With the Winter Olympics just beginning we thought it be a great idea talk to you about what it takes to train like an Olympic athlete. If you have ever really watched an elite athlete you immediately notice how effortless, yet powerful they are while they move. So how do they do this? How do they combine seemingly effortless power with near perfect technical precision?
If you ask the above question to many people they will tell you that this happens with tons and tons practice. This is certainly true, but practice does not always make perfect. There are thousands of athletes in every country who work tirelessly to become an Olympic/Professional level athlete. So what is the difference between the athletes who make it and those who don’t?
Ironically enough there is one secret that all athletes have at this level that no one ever talks about because they have a hard time defining it. The secret is simple, Olympic level athletes have excellent neuromuscular efficiency. So what does this mean and how can someone train to develop their neuromuscular efficiency?
To answer this question let’s first start with the definition of neuromuscular efficiency:
Neuromuscular Efficiency (def): the ability of the neuromuscular system to allow agonists, antagonists, stabilizers, and neutralizers to work synergistically to produce, reduce, and dynamically stabilize the entire kinetic chain in all three planes of motion.
So what does this definition actually mean? Very simply this means the ability to activate the right muscles at the right time during movement. This is an attribute that all athletes at the Olympic level have to some degree. Fortunately for the rest of us this attribute can be trained. Now this does not necessarily mean that you can or will become an Olympic level athlete, but if you train to develop this attribute you definitely improve your performance in your sport.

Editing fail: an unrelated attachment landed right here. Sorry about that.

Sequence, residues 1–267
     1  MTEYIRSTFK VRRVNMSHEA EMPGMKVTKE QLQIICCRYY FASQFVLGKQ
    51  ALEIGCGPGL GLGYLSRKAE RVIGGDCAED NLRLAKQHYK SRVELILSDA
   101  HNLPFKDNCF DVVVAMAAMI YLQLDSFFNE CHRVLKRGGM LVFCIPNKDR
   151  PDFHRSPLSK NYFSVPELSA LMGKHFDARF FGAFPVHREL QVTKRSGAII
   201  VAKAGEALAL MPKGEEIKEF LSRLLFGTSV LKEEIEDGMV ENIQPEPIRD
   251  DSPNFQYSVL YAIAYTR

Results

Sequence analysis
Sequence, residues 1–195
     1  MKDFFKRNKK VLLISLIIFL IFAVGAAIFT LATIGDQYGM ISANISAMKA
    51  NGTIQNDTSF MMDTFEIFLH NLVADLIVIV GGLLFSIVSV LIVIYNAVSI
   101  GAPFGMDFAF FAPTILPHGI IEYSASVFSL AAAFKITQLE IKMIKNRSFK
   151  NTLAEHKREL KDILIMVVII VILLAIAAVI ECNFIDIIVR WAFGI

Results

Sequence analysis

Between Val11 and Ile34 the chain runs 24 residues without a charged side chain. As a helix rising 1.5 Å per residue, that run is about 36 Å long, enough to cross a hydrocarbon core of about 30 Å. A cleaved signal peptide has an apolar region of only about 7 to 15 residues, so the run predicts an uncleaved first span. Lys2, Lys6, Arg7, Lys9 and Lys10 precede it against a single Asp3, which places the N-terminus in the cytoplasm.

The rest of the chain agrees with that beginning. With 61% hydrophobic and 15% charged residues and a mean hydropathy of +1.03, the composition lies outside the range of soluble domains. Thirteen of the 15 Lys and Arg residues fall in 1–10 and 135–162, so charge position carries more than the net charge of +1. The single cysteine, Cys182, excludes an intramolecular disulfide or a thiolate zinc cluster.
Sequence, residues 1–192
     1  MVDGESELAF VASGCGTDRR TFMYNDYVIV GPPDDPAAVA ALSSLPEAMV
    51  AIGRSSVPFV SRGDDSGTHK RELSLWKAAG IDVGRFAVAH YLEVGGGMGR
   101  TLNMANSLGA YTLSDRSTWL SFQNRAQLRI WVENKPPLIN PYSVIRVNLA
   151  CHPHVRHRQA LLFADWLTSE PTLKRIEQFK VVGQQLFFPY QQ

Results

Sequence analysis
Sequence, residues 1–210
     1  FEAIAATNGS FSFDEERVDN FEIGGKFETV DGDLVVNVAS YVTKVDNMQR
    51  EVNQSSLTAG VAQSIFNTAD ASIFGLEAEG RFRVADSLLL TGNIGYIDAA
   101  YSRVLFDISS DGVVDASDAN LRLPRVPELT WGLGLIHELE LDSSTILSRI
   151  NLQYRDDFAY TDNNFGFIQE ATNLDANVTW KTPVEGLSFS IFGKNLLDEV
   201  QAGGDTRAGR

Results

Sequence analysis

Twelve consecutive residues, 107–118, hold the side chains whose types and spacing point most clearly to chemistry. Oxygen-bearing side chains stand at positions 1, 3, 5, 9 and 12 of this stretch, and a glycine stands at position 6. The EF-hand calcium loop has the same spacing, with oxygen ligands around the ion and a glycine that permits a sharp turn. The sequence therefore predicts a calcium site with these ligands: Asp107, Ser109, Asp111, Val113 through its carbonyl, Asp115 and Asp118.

The starting point for developing neuromuscular efficiency and improving your performance is stability training. Stabilization training is the foundation for all movement efficiency. Before any athlete, recreational or otherwise picks up a ball or racket, they should first develop minimal levels of stability.
Simple, your stabilizing muscles are the platform from which your larger muscles or prime movers activate from. When your body is stabilized it can act with force. If you are not stable, your body’s ability to produce, reduce and dynamically stabilize force diminishes. The evidence for this can be seen by watching any high level sporting event, in that you never see high level athletes look sloppy while they move.
Let’s get the million $ question, how can you effectively to improve your body’s neuromuscular efficiency? The answer lies in working through a core stability training program. While it would take too long to outline an entire program here I will provide you with a link to a video I created on core activation:
This information provided to you on the video can be used as the starting point of any stabilization training program.
So the next time you turn on the TV to watch the Olympics take a second to consider the stability required by each of the athletes during their sport. It will surprise you to consider how much of their body must be stable just to maintain control.
I hope this helps
Jason Chiero, CPT